Anyway, I started to draw the system and will here try to outline the relations and links I see between the four values / concepts.

Another insight from the changemaking course was that we all have individual, often different definitions of values, which makes any system like this subjective. So this is my personal interpretation of how these values are interrelated.

Courage, Conscience, Community and Creativity.

There’s lots of talk about co-creation these days. Everyone wants to co-create the future, collaborate and break down siloes across functions, organisations and disciplines. This is very hard though, as I’ve written about earlier here. But also necessary in our world, defined by rapid change, where the search for solutions to our huge societal and environmental challenges has become more complex.

Conscious creation is one of my favourite dilemmas. What is good creativity? How do we know that the output of our creative process will benefit the world rather than make things worse? How can we combine creativity and conscience to some sort of wise creativity? Creativity that makes things better for all.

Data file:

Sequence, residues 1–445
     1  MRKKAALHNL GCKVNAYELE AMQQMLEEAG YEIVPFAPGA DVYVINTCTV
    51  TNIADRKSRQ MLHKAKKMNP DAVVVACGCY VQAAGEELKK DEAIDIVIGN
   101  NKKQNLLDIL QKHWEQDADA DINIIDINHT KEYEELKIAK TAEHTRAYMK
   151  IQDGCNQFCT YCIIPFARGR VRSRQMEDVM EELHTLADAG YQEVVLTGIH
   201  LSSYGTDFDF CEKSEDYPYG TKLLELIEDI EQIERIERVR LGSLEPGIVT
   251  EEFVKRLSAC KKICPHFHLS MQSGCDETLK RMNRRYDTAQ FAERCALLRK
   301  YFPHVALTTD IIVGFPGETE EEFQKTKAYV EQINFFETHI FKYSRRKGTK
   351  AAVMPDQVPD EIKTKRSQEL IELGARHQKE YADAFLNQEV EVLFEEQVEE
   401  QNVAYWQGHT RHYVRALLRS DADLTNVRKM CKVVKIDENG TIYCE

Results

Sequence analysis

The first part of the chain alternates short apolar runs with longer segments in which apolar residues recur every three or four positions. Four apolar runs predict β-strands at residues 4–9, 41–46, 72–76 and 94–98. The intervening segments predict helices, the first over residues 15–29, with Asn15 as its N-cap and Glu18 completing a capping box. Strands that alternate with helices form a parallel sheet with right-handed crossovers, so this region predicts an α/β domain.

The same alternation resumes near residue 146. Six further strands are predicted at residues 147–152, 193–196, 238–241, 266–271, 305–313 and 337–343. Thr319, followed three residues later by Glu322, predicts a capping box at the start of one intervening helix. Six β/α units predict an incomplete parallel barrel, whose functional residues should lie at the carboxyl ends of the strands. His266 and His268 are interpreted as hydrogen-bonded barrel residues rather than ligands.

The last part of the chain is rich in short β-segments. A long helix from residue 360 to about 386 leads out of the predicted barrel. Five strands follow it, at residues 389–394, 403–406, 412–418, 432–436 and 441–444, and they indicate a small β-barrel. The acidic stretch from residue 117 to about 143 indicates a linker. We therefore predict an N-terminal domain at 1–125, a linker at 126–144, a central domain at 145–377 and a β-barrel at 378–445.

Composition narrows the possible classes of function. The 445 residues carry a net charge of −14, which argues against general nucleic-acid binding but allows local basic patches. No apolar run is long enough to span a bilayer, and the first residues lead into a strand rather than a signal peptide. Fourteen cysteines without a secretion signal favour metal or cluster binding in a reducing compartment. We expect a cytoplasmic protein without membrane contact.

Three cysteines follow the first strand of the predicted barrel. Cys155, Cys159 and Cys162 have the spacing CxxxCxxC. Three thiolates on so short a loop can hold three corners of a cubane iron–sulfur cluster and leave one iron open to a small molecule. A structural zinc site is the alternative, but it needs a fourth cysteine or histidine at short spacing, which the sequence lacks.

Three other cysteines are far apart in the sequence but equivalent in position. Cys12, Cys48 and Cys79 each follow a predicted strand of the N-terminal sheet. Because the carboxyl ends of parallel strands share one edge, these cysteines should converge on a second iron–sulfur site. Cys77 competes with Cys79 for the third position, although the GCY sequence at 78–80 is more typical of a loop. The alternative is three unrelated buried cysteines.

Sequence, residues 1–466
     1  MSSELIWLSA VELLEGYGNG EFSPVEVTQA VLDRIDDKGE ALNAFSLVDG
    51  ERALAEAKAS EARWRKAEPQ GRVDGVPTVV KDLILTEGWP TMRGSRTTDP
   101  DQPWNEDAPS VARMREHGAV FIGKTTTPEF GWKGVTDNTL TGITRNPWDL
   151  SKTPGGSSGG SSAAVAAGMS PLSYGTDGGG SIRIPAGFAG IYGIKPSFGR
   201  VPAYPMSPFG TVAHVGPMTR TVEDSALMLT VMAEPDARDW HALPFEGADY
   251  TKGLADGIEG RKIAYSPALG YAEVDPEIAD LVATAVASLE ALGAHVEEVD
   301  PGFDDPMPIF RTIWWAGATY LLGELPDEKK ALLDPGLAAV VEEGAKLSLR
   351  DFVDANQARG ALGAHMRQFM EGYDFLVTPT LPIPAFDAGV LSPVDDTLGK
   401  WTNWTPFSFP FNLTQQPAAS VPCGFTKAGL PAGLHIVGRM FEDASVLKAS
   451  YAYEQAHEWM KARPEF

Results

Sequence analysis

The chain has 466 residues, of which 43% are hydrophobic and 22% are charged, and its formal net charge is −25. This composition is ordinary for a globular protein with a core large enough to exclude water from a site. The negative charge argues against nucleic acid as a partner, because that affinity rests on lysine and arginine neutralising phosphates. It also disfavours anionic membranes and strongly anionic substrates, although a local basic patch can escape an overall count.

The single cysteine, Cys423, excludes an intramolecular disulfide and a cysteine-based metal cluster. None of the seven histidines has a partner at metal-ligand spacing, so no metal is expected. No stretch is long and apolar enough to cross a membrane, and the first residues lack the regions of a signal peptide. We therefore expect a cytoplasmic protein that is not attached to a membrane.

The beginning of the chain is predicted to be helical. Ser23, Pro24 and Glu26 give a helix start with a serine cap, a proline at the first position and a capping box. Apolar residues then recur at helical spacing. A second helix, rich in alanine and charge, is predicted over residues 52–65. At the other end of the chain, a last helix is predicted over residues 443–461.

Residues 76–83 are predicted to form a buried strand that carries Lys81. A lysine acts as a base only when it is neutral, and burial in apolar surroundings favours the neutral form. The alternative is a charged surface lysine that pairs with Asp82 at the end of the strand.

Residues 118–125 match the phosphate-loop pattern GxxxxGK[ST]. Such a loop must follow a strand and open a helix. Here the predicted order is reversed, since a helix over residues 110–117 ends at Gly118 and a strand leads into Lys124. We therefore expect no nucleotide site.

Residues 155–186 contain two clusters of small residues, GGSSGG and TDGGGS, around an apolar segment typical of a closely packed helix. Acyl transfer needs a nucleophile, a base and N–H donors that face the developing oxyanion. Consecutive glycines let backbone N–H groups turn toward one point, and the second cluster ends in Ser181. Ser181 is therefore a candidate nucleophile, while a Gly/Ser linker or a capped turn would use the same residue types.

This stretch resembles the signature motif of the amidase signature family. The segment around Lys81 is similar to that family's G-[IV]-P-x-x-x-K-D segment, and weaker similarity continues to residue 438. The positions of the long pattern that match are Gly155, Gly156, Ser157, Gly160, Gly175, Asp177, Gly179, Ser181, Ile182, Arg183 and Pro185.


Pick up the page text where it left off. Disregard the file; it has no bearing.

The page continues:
In all creative efforts there’s a dark side that we often can’t anticipate. Unintended and unknown consequences, which later emerge.

The latin phrase Cui bono, translates as “for whose benefit?", and is used in legal and police investigations to find out who has a motive for a crime. American sociologist Peter Blau also used used the concept of “cui bono” to differentiate organisations by who primarily benefited — whether it was owners, members, specific others or the general society.